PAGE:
When I started my graduate program last fall in International Disaster Psychology, I asked my director if the GPB program could be an option for me, even though it was housed under the Social Work school and there were different requirements compared to those for my program. Somewhat surprisingly, the process for approval was seamless, and my musings of studying and interning in Bosnia became a reality.
As I continued trekking through those fields on the way to Lukomir, I remember reflecting on how incredibly aligned life felt. I was ecstatic with anticipation for this summer. My soul was peaceful. I knew I needed to be here.
I stare at this photo now, and I do weep. As is evident from previous blog posts, this summer has been one of the most trying times of my life. I don’t write that statement sensationally, but out of pure honesty. The places of atrocity we visited, the narratives of suffering we heard, the accounts of injustice we witnessed – it often feels too much to bear. Personally, I experienced frightening and damaging situations I will be processing and healing from in the months to come.
And yet, I don’t think about my time here in Bosnia as toxic, as a failure, as anything but growth. I look at this photo and still know I am where I need to be. The growth of this summer will also be something I will be processing and engaging with in the months and even years to come. I am incredibly grateful for the opportunities my internship afforded me, for the deep friendships I have developed with my group, and for the bonds that were created with a few specific Bosnians. I truly encountered kindred spirits here. And, I believe, if it weren’t for the many tears, the sleepless nights, the liters of crno vino, the phone calls home – if it weren’t for the multitude of hard things, the depth to which people have let me know them – and reciprocally so – would never have been reached.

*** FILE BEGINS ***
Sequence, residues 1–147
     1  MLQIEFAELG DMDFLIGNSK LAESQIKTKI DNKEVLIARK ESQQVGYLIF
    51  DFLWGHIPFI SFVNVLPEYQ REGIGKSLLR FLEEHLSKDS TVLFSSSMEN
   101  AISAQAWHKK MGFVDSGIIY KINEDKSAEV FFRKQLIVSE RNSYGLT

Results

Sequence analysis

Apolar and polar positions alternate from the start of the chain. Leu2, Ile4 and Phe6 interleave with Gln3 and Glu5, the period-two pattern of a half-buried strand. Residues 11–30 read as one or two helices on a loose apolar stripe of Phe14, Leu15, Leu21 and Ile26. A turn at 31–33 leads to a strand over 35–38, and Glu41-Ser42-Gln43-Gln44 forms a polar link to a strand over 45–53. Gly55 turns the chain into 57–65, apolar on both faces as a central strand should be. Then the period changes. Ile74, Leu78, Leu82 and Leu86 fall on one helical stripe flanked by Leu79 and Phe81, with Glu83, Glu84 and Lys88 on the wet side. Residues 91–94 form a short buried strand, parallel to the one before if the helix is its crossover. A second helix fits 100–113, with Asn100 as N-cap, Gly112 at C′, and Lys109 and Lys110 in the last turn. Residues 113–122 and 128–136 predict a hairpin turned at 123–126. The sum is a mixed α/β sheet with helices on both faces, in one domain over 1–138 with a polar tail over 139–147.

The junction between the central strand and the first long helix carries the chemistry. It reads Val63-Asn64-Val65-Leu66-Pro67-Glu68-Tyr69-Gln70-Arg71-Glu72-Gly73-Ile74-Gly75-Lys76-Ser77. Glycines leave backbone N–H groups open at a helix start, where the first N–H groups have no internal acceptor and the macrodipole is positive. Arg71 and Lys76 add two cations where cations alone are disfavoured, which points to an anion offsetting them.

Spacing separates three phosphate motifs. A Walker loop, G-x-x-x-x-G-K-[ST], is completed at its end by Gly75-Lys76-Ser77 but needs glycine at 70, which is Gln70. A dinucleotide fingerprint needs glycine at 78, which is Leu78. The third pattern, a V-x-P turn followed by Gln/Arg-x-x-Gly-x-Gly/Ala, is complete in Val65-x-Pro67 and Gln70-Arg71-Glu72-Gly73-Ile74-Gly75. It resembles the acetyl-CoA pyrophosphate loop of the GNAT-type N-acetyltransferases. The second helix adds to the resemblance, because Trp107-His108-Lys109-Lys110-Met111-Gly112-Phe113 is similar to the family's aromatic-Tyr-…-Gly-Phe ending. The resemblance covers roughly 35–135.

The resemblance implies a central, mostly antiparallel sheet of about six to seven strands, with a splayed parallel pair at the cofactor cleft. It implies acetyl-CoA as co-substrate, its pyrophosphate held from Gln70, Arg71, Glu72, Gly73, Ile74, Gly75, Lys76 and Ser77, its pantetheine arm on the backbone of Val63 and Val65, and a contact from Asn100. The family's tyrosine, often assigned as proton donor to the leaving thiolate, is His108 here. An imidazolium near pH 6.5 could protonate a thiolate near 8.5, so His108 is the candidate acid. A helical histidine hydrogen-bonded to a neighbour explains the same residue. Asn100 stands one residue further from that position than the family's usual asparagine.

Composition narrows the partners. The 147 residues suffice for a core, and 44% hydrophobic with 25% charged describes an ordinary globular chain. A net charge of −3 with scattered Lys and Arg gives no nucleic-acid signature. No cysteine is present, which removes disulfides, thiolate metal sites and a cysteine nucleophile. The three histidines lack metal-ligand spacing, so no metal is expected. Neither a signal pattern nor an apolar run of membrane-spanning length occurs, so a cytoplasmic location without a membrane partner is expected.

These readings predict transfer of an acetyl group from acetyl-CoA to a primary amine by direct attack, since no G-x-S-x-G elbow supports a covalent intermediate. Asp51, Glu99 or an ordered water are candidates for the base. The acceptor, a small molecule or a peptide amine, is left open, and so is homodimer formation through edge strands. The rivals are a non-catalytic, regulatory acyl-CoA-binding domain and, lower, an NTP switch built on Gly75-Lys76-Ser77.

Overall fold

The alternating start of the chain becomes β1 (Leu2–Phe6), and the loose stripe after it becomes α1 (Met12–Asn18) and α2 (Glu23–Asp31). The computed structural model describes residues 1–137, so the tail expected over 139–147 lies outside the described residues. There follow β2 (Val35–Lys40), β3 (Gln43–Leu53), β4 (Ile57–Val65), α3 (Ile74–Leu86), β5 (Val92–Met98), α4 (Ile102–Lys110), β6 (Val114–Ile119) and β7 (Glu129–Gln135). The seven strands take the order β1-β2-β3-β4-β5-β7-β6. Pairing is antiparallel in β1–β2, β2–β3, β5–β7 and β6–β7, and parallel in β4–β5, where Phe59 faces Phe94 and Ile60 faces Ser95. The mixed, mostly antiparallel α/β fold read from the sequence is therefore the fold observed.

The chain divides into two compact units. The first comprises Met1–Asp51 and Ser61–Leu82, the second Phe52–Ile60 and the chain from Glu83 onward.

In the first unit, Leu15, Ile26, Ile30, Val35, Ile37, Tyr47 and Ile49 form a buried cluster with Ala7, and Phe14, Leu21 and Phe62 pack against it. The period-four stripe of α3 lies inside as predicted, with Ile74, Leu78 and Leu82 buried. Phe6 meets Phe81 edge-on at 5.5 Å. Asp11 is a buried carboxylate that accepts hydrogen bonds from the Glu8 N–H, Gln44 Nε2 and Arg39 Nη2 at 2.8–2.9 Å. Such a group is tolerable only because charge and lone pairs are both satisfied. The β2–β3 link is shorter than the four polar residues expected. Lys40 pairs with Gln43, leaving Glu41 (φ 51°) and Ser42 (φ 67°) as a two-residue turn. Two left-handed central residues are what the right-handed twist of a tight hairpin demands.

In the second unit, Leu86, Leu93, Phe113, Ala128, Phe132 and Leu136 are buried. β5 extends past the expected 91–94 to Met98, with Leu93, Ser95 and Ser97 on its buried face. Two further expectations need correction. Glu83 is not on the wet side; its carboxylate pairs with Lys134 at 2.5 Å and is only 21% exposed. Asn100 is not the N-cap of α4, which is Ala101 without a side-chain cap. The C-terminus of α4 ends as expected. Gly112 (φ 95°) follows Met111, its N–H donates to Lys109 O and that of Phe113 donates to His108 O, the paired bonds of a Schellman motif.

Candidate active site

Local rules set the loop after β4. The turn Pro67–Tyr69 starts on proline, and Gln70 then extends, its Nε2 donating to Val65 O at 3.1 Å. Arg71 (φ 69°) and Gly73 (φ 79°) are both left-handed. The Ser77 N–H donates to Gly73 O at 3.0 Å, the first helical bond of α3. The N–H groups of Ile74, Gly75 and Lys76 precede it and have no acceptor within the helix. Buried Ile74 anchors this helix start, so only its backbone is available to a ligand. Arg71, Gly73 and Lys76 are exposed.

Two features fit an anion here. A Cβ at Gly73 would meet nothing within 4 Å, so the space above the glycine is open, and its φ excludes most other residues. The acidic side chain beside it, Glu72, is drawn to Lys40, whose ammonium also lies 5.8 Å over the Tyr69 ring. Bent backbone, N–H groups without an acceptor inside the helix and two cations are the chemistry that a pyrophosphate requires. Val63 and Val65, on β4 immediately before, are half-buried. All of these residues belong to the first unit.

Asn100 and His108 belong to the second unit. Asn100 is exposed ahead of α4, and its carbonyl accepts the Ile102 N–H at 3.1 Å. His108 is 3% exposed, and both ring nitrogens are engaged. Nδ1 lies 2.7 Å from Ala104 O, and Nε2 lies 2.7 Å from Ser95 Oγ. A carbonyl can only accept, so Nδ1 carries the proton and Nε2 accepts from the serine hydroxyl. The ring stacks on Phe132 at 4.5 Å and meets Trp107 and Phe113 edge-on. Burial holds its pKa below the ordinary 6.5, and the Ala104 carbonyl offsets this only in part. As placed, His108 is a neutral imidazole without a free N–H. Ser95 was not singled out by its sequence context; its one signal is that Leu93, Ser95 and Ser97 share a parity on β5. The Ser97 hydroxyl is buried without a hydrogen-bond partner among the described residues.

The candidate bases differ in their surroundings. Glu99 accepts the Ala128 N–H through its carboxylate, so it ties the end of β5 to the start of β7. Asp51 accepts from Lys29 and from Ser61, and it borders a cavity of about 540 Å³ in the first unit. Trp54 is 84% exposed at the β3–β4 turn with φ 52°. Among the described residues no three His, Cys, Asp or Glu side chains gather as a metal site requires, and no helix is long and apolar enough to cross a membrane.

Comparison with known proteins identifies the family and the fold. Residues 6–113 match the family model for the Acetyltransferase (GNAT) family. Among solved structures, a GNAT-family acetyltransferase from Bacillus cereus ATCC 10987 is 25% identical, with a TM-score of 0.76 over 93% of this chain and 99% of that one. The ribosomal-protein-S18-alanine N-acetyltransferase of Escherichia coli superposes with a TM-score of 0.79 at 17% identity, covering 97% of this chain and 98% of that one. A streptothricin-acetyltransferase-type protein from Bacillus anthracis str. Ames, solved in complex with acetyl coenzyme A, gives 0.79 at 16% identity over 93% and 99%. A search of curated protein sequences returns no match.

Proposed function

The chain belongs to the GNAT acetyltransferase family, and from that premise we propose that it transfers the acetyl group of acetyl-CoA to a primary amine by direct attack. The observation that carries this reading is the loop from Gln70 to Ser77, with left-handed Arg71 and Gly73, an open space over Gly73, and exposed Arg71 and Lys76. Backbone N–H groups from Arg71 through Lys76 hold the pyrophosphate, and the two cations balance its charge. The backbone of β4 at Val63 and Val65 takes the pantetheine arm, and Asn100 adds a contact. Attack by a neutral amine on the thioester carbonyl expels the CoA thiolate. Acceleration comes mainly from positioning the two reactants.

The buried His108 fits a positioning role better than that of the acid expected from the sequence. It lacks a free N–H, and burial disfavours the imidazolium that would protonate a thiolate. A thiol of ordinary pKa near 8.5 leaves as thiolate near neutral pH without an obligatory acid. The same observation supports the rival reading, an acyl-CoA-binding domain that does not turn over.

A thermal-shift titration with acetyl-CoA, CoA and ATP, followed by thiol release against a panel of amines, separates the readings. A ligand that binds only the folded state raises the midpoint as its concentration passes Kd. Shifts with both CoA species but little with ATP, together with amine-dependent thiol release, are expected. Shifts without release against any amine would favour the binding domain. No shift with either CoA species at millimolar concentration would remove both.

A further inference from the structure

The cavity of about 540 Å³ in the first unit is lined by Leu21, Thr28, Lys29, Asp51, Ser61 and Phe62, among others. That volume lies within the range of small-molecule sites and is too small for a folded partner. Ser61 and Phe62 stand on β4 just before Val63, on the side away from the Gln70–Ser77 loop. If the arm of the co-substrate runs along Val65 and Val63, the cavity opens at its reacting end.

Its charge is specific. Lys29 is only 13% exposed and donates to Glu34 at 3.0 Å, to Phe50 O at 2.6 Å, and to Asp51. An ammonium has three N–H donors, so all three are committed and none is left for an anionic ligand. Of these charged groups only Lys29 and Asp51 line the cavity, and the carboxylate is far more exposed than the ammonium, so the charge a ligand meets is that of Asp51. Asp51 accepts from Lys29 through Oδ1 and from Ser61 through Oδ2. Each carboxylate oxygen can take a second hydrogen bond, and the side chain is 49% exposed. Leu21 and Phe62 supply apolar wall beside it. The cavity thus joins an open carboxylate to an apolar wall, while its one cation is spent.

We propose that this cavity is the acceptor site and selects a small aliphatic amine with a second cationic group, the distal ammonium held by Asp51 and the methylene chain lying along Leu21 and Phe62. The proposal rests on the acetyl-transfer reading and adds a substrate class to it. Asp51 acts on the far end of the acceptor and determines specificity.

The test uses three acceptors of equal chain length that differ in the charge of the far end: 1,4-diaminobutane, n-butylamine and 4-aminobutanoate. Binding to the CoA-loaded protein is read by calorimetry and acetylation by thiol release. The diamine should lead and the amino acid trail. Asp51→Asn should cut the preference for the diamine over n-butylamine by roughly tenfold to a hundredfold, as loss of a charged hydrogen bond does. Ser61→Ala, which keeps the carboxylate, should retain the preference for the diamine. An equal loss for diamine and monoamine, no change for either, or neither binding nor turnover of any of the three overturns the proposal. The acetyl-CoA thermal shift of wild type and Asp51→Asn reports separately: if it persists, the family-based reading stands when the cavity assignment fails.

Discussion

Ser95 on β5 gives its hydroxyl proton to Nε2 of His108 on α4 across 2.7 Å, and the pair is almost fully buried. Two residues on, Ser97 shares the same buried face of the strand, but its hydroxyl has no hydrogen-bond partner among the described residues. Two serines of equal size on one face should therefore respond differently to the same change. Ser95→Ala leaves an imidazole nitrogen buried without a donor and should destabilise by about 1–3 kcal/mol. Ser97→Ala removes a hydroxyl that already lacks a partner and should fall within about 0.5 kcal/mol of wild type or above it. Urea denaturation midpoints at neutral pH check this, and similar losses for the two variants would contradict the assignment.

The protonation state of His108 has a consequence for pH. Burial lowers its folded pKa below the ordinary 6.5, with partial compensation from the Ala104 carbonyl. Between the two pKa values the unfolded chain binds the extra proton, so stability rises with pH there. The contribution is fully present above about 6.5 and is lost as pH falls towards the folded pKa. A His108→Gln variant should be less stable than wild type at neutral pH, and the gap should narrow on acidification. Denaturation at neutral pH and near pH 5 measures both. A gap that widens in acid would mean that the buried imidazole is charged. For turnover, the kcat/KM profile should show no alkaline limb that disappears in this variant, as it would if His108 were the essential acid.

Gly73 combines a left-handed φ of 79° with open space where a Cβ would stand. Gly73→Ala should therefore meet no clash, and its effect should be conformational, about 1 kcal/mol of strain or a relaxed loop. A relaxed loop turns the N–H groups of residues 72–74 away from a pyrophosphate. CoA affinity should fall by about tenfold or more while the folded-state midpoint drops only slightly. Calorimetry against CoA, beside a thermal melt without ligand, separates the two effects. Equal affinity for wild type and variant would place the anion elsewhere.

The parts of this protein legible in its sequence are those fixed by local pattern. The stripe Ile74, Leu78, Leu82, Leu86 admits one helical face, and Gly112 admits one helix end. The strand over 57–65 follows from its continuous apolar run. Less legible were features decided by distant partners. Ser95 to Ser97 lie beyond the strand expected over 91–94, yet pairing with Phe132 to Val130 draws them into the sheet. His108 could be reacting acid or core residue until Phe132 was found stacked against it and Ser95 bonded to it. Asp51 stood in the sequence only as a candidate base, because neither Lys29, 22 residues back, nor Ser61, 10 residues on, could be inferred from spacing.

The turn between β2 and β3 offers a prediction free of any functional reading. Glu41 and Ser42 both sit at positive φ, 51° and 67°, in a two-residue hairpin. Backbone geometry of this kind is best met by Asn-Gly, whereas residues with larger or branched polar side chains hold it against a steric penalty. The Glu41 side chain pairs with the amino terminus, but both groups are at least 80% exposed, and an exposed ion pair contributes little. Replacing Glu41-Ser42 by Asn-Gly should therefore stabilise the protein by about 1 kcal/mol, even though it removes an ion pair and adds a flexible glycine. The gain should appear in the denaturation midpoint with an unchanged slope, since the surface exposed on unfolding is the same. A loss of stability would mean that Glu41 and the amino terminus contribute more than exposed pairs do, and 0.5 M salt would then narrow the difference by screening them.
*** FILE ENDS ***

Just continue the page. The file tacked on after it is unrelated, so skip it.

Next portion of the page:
I have grown to love Bosnia, and more so to love these people I now consider intimate friends. I feel ambivalent. I want to leave; I want the plaguing pieces that feel like a nightmare to go away. But, at the same time, I would give a kidney to be back on the trail to Lukomir, running through fields of yellow wildflowers with my Bosnian family. I feel as though the sinews of my soul are entwined with them, and my heart aches in anticipation of our departure.
I wrote in one of my first blog posts that I didn’t love Sarajevo, but I thought I would. Oh, how little I anticipated the extent to which this place, this country, these people, this summer would enrapture me. Who knows, one day I may return.
Psychiatrist and author M. Scott Peck begins his book The Road Less Travelled stating, “Life is difficult.” I hold on to this truth. I don’t expect to have an easy life. I have encountered enough stories, even at my young-ish age, to see the ubiquity of suffering. I hope, though, that my story, my experiences, my desire to listen can cultivate a deep, mutual understanding with the people I meet. I hope to be a small haven of peace where a conversation over a double espresso or Bosanska kafa can offer some perspective, empathy, and even hope for future frolics in fields of yellow wildflowers.